Thus, the fuel economy can be improved by adjusting the operation of the engine with switchable cylinders. In particular, by adjusting the ignition timing for one or more engine cylinders in response to knocking detection in the cylinder shutdown mode and adjusting the ignition timing for all cylinders in response to knocking detection in the cylinder non-disabling mode, fuel economy can be improved without significant increase in engine wear.

In one example, the method is implemented for an engine with a group of cylinders to be shut off, the cylinder can be shut off by turning off the intake and exhaust valves, while the remaining cylinders will continue to operate with valves and during combustion as before. The method may include: adjusting the ignition timing of one selected active cylinder in response to the first detonation detection corresponding to the selected active cylinder detonation in the first mode of operation with less active cylinders (for example, when half the cylinders are disabled and the remaining cylinders support combustion); adjusting the ignition timing of several cylinders (for example, all active cylinders) in response to the second detonation detection corresponding to the detonation of one or several cylinders in the second mode of operation with less active cylinders (for example, when half of the cylinders are turned off and the remaining cylinders support combustion); and adjusting the ignition timing of a different set of cylinders (for example, the ignition timing of all cylinders) in response to a third detonation detection corresponding to the detonation of one or more cylinders from a different set of cylinders while working with more active cylinders (for example, fully active cylinders). The values of the delays of the moment of ignition in the first, second and third modes can be the same or different. In one example, the magnitude of the delay time of the ignition in the first mode of operation may be higher than in the second and third modes of operation.

It can be noted that the examples of control and evaluation programs described in this specification can be used for various configurations of engines and / or vehicle systems. Specific programs may include one or more processing algorithms from any number of analytical strategies, such as event management, interrupt management, multitasking, multithreading, and the like. Thus, various steps, operations, or functions can be performed in the order presented, in parallel, or in some cases can be excluded. Similarly, this processing procedure is not necessarily followed to achieve the objectives, characteristics, or advantages described in this document, but is provided for ease of illustration and description. One or more of the above steps or functions can be performed multiple times, depending on the particular algorithm used. In addition, the described actions can graphically represent the program code for recording on a machine-readable data carrier in an engine management system.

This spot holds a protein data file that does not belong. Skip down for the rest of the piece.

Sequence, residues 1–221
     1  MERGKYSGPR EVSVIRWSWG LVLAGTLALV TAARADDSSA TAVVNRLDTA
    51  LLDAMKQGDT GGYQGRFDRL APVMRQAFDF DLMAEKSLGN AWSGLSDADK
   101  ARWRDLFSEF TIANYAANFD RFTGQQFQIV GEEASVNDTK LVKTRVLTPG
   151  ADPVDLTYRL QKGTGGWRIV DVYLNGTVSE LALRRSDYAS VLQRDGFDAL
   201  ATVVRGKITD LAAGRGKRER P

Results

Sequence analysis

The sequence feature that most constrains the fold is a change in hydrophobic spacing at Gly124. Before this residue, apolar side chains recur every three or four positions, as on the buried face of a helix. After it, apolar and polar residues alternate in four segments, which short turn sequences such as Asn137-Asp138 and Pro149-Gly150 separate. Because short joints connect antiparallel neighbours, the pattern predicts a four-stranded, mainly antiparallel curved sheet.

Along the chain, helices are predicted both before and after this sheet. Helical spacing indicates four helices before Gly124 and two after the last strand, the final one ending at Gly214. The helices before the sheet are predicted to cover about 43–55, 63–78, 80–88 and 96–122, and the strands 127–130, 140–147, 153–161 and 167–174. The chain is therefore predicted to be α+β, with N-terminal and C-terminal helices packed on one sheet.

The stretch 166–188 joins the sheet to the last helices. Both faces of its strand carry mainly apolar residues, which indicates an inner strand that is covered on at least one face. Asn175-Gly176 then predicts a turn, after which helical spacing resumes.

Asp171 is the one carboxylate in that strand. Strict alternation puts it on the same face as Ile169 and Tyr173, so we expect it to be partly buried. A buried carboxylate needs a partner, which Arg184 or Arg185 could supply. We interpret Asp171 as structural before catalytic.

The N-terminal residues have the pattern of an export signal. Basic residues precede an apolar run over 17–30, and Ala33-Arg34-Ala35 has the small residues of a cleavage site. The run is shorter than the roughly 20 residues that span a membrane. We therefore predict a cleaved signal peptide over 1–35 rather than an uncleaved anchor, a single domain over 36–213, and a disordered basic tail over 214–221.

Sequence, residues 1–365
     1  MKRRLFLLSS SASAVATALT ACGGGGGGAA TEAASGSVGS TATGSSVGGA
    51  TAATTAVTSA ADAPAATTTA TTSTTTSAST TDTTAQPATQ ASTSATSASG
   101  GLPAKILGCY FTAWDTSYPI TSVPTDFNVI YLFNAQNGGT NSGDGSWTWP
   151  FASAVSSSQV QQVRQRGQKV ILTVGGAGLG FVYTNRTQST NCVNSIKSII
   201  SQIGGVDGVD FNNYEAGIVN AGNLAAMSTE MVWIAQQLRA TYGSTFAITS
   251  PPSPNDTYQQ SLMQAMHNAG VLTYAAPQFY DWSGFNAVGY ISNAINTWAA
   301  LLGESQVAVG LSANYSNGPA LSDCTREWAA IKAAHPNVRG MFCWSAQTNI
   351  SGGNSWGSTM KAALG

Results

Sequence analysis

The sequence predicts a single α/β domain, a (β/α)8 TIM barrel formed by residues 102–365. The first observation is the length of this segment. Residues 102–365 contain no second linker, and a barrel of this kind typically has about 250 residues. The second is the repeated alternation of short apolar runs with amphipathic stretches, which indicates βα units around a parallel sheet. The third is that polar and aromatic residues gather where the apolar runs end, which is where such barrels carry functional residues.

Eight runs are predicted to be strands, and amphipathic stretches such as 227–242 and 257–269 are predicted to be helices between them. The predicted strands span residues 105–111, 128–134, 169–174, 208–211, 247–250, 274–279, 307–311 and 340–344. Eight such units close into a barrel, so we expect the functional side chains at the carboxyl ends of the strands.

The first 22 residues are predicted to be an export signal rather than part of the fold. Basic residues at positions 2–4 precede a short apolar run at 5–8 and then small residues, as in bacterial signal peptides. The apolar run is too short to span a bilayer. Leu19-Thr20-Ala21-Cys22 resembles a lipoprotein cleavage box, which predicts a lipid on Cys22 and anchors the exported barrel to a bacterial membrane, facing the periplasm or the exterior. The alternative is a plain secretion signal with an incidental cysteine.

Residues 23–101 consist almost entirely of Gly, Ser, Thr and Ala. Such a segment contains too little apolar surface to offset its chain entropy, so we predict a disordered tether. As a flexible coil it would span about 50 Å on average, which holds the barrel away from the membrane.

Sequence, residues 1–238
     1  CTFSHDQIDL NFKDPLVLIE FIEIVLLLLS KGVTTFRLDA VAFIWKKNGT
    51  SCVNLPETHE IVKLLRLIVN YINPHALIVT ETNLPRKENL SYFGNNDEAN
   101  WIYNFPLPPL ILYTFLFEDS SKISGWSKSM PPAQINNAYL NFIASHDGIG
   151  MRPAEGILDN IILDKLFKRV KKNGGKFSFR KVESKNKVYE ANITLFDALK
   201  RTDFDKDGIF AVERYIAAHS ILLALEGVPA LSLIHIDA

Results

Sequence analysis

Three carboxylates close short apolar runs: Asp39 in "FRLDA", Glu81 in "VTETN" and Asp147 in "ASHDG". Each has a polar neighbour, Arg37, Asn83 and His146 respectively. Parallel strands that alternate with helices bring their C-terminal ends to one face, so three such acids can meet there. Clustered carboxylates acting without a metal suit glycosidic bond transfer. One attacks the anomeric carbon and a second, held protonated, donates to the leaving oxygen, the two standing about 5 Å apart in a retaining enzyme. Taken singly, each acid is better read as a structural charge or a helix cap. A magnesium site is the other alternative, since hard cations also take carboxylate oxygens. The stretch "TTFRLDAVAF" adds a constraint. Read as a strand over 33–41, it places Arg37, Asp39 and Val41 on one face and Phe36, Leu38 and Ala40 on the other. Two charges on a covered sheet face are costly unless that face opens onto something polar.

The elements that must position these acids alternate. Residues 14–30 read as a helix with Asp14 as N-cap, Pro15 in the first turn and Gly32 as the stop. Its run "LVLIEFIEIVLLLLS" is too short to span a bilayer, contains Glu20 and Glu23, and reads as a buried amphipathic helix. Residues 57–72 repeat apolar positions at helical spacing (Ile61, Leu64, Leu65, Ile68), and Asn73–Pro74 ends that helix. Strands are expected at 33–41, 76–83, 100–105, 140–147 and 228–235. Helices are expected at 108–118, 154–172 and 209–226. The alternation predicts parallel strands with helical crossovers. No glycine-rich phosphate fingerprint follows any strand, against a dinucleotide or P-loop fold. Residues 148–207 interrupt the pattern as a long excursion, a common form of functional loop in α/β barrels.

It should be understood that the configuration and sequence of operations disclosed in this description are examples, and that these specific embodiments of the should not be considered as restrictive, since there are various options and modifications. For example, it is possible to use the described technology for V6, 1-4, 1-6, V12 engines, boxer four-cylinder engines, as well as other types of engines. The subject matter of the present invention includes all new and non-obvious combinations or sub-combinations of various systems and configurations, as well as other distinctive features, functions, and / or properties disclosed herein.

All terms used in the claims should be understood in their broadest reasonable interpretations and their usual meanings, as understood by those skilled in the art, unless explicitly stated otherwise in the description of the invention. In particular, the use of the words "any", "given", "above", etc. should be understood as one or more of these elements, unless otherwise indicated in the formula.

Claims (35)

1. The method of controlling the detonation in the engine with switchable cylinders, including:
determining the first knock detection for the selected cylinder;
implementation of the operation mode of the cylinder part when the determination of the cylinder part operation and the determination of the first detonation detection takes place, and in response to the determination of the first detonation detection and the definition of the cylinder part operation, only the ignition time of the selected cylinder is controlled and the ignition moments of the remaining active cylinders are maintained; and